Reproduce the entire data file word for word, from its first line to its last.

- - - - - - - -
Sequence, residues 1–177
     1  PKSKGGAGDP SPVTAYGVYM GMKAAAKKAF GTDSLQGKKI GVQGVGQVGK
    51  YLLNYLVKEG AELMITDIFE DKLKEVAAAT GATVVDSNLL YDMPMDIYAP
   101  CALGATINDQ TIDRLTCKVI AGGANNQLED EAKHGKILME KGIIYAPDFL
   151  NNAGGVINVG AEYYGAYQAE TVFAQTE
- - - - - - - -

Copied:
Sequence, residues 1–177
     1  PKSKGGAGDP SPVTAYGVYM GMKAAAKKAF GTDSLQGKKI GVQGVGQVGK
    51  YLLNYLVKEG AELMITDIFE DKLKEVAAAT GATVVDSNLL YDMPMDIYAP
   101  CALGATINDQ TIDRLTCKVI AGGANNQLED EAKHGKILME KGIIYAPDFL
   151  NNAGGVINVG AEYYGAYQAE TVFAQTE